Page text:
The importance of promoting tolerance and inclusion in the ACT
Thank you, Madam Speaker, and I thank Mr Petterson for bringing this matter of public importance before the Assembly today.
On many prior occasions, Madam Speaker, I have stood in this chamber to speak on behalf of tolerance and inclusion, and I am pleased to do so again now. As I noted in my remarks during the adjournment debate two days ago, each of us has a role to play in promoting tolerance in our communities, both small and large. We can each begin by promoting love and respect for one another in our homes and in our personal lives. This requires getting to know, and spending time with, people who are different to us.
Numerous social observers have pointed out that both technology and modern institutions have made it possible for people to divide up into tribes of likeminded individuals, essentially existing in echo chambers where their shared ideas and values are never analysed or questioned. In such a world, it takes determined, intentional effort to build relationships with people whose cultures, languages, faith and thoughts differ to our own. It certainly is worth it, though!
Yesterday evening I had the privilege of hosting a reception for our territory’s multicultural and faith leaders on the eve of Harmony Day. Guests from dozens of religious organisations, nationalities and languages came to mingle, to share food and conversation, and to enjoy cultural performances together. Everyone got to spend time with an Afghan refugee whose paintings adorned the reception room – symbolic of what I hoped to achieve by bringing people together.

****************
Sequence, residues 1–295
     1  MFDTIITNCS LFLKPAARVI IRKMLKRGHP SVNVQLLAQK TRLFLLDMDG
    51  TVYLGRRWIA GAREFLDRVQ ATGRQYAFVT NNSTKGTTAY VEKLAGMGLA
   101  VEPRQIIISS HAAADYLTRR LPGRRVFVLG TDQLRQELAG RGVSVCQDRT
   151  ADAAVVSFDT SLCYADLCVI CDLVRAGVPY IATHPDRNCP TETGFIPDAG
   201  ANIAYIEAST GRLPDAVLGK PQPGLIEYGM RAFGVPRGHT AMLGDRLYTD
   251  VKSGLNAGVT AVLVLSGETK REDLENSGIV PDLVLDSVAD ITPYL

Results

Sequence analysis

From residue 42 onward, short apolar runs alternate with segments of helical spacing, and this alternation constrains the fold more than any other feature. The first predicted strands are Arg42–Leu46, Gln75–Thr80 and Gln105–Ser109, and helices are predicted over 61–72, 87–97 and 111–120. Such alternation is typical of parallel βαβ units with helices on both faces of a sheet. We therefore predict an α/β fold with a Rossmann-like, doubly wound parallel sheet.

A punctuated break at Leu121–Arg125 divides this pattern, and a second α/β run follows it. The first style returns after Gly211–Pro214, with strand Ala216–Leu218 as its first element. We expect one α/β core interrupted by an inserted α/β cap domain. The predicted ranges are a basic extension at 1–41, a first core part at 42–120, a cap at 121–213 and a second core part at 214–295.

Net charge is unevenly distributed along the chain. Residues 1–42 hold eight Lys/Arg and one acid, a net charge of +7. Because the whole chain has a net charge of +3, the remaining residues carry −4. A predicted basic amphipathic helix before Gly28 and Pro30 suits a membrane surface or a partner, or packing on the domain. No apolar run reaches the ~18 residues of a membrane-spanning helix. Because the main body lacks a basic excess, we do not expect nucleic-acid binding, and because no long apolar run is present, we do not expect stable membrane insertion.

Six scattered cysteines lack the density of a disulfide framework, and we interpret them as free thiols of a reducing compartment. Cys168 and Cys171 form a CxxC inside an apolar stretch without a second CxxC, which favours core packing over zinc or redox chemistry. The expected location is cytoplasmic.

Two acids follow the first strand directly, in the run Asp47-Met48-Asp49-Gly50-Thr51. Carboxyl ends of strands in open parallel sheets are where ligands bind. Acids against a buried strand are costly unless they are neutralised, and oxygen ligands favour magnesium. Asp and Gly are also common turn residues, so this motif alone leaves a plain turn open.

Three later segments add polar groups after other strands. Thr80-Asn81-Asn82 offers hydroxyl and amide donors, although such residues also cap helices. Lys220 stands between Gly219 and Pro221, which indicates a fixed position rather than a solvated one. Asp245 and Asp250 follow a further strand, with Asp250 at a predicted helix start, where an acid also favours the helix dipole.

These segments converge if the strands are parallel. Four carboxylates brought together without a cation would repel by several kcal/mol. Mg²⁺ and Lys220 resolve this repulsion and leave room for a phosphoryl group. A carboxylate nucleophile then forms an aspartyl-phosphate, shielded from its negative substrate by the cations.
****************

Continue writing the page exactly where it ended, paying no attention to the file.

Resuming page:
In light of how horrific the past week has been for Canberra’s Islamic communities, I was grateful for the close Muslim friends who attended the event as a show of unity and solidarity. On many occasions, these same friends and neighbours have invited me into their places of worship and into their lives. We have broken fast together at joyful iftar meals and furthered friendship on numerous other occasions. I cherish the opportunity to be with people who desire to share not just their bread but also their faith and compassion.
Last night I took the opportunity to thank these community leaders for all that they do. Governments certainly have a role to play in promoting tolerance, but our dedicated multicultural and faith leaders are at the coalface on this issue. I know from personal experience that these good women and men spend thousands of hours in serving their communities and in working to establish real and lasting harmony amongst those communities. I wish to thank them again today, Madam Speaker. As Senator Seselja correctly pointed out last night, harmony doesn’t just happen. It takes planning and hard work, big hearts and heaps of patience. Thankfully, many Canberrans seem committed to this cause.
The desire for harmony does not go unchallenged, though. In recent days a federal politician has again gone public calling for a ban on Muslim immigration. On behalf of the Canberra Liberals, I proudly denounced Senator Anning’s words when he previously stated that our immigration program should ‘actively discriminate in favour of Europeans’, and I am happy to once again denounce the senator’s ugly and vicious statements. Though he has a right to express his own opinion, I am grateful that I too have a right reject them as a divisive attempt to fuel hatred and contention. This is not how a member of the Australian Senate should behave.
I and the Canberra Liberals instead choose harmony over division, understanding over hatred.